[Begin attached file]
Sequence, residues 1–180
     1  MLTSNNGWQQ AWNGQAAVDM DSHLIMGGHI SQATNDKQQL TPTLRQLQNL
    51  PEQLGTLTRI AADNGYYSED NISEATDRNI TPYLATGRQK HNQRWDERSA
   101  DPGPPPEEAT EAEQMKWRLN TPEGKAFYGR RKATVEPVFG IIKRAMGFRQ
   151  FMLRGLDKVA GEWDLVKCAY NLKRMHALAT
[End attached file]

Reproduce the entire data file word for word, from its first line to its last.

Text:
Sequence, residues 1–180
     1  MLTSNNGWQQ AWNGQAAVDM DSHLIMGGHI SQATNDKQQL TPTLRQLQNL
    51  PEQLGTLTRI AADNGYYSED NISEATDRNI TPYLATGRQK HNQRWDERSA
   101  DPGPPPEEAT EAEQMKWRLN TPEGKAFYGR RKATVEPVFG IIKRAMGFRQ
   151  FMLRGLDKVA GEWDLVKCAY NLKRMHALAT